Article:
|CFexpress||1 GB/s – 4 GB/s|
There are two types that differ by thickness.
- Type I - 3.3mm thick
- Type II - 5mm thick
Older cameras can have restrictions on the maximum capacity of the card that can be used. This is because of the file system the camera uses to store images or video on the memory card. Many camera will have an error message and be unable to format a memory card that is too large.
Another common point of failure are bent pins inside the memory card socket of a camera or card reader. You can see all of the hole the pins need to slot into on a CompactFlash card.
Type II interfaces were noteably used for Microdrives. These were 25mm wide mechanical hardrives. They were released in 1998 and used because they could have larger capacities than CompactFlash cards that used flash memory.
Due to their mechanical nature, Microdrives were not very reliable. Shocks from a fall could damage them and render them useless.
By 2006 CompactFlash cards had caught up in terms of capacity. CompactFlash also had faster transfer speeds, better reliabilty, and lower costs, which rendered Microdrives obsolete.
Microdrives were used in some portable audio players, most noteably both generations of iPod mini from 2004 and 2005.
CFexpress cards use the NVM Express (NVMe) protocol over a PCIe 3.0 interface. These seem to be the newest memory card format to be widely choosen by manufacturers for their high end and professional camera models. That is likely because of their far superior performance compared to any other comercially available alternative.
Currently, there are two versions of CFexpress.
Version 1.0 was launched in 2017, uses PCIe 3.0 x2, and has transfer speeds of 2 GB/s.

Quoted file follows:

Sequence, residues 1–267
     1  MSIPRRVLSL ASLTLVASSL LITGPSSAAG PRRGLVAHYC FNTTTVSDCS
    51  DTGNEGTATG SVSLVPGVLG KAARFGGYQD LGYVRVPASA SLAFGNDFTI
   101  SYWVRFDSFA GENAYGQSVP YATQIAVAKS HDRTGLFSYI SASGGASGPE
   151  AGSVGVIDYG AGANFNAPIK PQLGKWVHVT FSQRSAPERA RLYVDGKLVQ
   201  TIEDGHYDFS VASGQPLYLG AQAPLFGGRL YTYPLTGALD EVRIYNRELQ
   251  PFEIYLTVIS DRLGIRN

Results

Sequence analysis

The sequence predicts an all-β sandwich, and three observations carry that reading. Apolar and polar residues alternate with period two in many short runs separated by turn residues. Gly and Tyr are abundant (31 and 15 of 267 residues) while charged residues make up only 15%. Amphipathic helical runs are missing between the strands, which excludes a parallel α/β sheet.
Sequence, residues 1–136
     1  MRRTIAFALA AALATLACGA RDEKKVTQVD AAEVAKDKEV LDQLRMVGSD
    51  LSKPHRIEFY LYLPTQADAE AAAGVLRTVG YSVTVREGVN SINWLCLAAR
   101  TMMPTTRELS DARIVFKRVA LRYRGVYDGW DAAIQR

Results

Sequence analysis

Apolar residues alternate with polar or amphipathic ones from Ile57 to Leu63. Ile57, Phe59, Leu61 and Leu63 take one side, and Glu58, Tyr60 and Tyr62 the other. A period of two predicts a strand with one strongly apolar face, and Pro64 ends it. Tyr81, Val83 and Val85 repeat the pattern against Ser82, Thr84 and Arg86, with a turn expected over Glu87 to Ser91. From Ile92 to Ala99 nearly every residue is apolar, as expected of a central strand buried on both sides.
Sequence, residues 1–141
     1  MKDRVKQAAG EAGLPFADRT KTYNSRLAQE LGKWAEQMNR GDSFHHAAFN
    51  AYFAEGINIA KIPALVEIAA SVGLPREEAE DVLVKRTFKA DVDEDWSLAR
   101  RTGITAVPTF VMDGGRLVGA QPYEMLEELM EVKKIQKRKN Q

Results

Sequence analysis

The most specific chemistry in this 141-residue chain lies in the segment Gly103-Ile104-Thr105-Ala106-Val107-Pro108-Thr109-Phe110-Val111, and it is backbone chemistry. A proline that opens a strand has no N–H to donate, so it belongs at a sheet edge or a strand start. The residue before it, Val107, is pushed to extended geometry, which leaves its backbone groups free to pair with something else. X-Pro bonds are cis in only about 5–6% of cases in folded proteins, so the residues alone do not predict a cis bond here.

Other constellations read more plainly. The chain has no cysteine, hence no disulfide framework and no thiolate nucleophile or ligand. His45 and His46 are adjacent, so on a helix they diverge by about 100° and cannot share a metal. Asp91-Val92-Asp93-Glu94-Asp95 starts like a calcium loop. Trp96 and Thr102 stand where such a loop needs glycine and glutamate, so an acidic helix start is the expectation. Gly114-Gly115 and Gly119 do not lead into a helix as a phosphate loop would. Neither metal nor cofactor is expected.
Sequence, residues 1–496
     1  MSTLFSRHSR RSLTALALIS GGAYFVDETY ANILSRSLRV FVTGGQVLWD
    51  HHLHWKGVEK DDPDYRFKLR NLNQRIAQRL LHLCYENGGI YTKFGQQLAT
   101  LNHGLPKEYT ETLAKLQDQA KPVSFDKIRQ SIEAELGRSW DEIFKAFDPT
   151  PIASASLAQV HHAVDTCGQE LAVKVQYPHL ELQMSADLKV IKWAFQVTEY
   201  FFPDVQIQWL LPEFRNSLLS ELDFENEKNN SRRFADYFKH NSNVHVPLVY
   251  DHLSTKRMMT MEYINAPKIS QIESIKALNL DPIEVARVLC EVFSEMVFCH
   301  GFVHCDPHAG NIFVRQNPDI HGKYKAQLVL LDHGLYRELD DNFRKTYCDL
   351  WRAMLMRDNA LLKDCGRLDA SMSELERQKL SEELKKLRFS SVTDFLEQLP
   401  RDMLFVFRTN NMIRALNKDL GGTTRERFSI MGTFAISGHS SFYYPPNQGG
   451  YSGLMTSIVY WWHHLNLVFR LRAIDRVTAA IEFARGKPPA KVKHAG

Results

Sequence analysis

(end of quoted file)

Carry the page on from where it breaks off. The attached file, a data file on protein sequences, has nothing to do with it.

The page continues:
Version 2.0 was launched in 2019, uses PCIe 3.0 x2, and has transfer speeds of 1 GB/s, 2 GB/s, or 4 GB/s. The speed depends on what they host device supports.
CFast is a variant of CompactFlash. It uses the Serial ATA (SATA) interface rather than the Parallel ATA/IDE (PATA) bus.
The origins of PATA date back to 1986. With SATA being introduced in 2003. For a long time, each of these were used in computers for hard drives and SSDs.
While you can likely find these cards/interface used in embedded devices, cameras have moved to CFexpress.
Uses PCI Express as the interface for data transfer. This standard is also used in computers.
The advantage was faster transfer rates and the ability to have capacities larger than 2TB.
The XQD standard was announced in 2010. By 2016, CFexpress was decided to be the replacement for XQD. In 2018 Lexar announced that it was discontinuing support and production of XQD cards in favor of CFexpress.
Sony Memory Stick
Sony has a long history of releasing proprietary media formats. This is done to charge higher prices to their customers for media. Because the standards are not open, licensing fees can also be charged to third party manufacturers of media. Past examples by Sony are Betamax tapes and MiniDisc.
Sony Memory Stick was launched in 1998, the year before SD cards. SD and CompactFlash cards took more marketshare because they were less expensive and often offered better performance.
For a long time Sony was the only company supporting the format. I haven’t been able to find a device that wasn’t made by Sony that uses Memory Sticks as the memory card format.
If you’re interested in strange technological quirks of the past, here’s your answer.